Collaborating Authors

Melbourne named most livable city, 7th year in a row

The Japan Times

SYDNEY – The Australian city of Melbourne was named the world's most livable city for a record seventh year in a row in a global survey released by the Economist Intelligence Unit on Wednesday. Melbourne, the state capital of Victoria, received perfect scores for health care, education and infrastructure, giving it a final score of 97.5 out of 100 in this year's Global Liveability Report. Austria's capital Vienna was ranked second, just 0.1 point behind Melbourne, while Canada's Vancouver followed closely in third place. The annual survey ranked 140 global cities based on stability, health care, culture and environment, education and infrastructure. In a statement, Lord Mayor of Melbourne Robert Doyle described the announcement as "an amazing feat that all Melburnians should be extremely proud of."

Canada charity used donations to fund Israeli army projects: CBC

Al Jazeera

The Canadian Broadcasting Corporation (CBC) has published an expose on a Jewish charity in Canada, which has been under investigation for using its donations to build infrastructure for the Israeli forces in violation of the country's tax rules. The Jewish National Fund (JNF) of Canada, one of the country's long-established charities, has been the subject of a Canada Revenue Agency audit after a complaint was filed in October 2017. The JNF funds numerous projects in Israel, such as reforestation efforts in areas hit by wildfires but it has also funded infrastructure projects on Israeli army, air and naval bases, the CBC reported on Friday. Their activities are in violation of Canadian law which prohibits charitable funds from supporting a foreign army. CBC's article details many troubling aspects of the charity's projects which, along with funding infrastructure on Israeli military bases, it has also contributed directly to the construction of at least one hilltop settler outpost - illegal under international law, and considered illegal by Israel itself.

Canada's infrastructure budget only sends trickle to bridges and roads: report

FOX News

As the Trump Administration tries to convince lawmakers to get on board with an infrastructure overhaul, Canada may provide a cautionary tale on what not to do, according to a new report. Only 11 cents of every Canadian dollar in new federal government spending on infrastructure will be spent on highways, bridges, railways and ports, according to a newly released study from Canadian public policy think-tank the Fraser Institute. It's a woeful percentage of a large sum that was supposed to jumpstart the Candaian economy. "The federal government has pinned its economic hopes on a major infrastructure spending plan, but only a small fraction of the money is going towards projects that are likely to spur economic growth," said Charles Lammam, the Fraser Institute's director of fiscal studies and co-author of the report entitled "Myths of Infrastructure Spending in Canada." Fraser researchers discovered that of the nearly $100 billion in new spending on infrastructure announced in the past year by Canada's federal government, only 10.6 percent will be spent on projects relating to transportation and trade.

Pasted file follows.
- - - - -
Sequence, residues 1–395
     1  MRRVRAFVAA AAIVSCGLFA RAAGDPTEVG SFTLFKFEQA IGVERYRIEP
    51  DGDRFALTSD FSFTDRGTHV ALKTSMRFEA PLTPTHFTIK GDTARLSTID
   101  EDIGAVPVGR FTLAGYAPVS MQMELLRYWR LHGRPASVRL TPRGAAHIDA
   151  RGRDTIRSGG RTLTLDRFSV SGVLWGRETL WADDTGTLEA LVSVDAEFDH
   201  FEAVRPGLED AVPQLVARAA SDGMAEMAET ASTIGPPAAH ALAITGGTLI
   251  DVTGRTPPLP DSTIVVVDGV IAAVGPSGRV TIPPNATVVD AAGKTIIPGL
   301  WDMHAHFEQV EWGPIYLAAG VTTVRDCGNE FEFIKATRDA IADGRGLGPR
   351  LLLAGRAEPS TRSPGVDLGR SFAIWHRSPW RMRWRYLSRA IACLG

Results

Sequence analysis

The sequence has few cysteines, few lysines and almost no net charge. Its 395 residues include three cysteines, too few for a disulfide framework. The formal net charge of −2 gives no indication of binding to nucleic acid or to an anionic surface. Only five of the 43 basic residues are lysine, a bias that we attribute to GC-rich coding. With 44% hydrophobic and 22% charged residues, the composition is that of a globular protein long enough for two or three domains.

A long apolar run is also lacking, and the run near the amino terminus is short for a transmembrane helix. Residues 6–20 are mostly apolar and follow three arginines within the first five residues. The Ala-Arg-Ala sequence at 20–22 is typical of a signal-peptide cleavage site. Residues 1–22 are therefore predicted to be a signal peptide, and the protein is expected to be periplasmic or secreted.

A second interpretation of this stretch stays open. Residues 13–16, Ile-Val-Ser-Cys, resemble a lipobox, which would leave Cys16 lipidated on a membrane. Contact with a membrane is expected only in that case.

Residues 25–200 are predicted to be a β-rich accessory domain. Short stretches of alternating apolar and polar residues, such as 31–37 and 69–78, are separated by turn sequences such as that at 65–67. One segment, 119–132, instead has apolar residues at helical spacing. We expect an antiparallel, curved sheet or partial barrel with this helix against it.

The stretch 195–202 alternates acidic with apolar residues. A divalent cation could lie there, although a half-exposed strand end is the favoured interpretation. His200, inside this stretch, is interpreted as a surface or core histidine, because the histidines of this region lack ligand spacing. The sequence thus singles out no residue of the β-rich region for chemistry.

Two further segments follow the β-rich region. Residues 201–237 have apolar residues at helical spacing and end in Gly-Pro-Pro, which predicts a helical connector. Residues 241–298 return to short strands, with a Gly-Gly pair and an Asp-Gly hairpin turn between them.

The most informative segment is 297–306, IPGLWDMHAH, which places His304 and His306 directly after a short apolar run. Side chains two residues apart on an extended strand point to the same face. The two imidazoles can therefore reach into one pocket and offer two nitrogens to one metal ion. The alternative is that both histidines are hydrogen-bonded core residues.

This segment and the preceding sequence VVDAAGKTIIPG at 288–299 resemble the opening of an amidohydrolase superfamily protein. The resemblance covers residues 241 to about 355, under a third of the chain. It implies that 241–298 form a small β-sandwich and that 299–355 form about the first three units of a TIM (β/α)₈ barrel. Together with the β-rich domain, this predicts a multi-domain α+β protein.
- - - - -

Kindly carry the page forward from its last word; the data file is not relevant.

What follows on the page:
Hot Infrastructure Projects: A Look Inside


The road to rebuilding America's Infrastructure is a long and winding one. Current President Donald Trump has emphasized the need to fix the nation's infrastructure. Yet, the World Economic Forum ranks the United States 10th internationally in terms of quality of overall infrastructure. The problems continue to get worse too. The White House says infrastructure problems are increasingly evident, with urban drivers spending an estimated 6.9 billion hours stuck in traffic, costing an estimated $160 billion in wasted time and fuel.

Opinion: 5G, artificial intelligence, data and protecting citizens' trust


Last March, the government of Quebec floated the idea of instituting a Montreal-based international organization responsible for developing the necessary frameworks for artificial intelligence (AI). Montreal seems tailor-made for this role, considering its global leadership in AI and the sustained diplomatic activity within our city. It also stands to reason that this proposed agency's mandate should extend to the development of ethical and legal frameworks for data. This week, I had the honour of addressing the Metropolitan Montreal Chamber of Commerce to outline the significant impact that the next generation of wireless communications would have on Montreal and on Canada. Called 5G, this infrastructure will be 200 times faster than the average wireless connection speeds available today.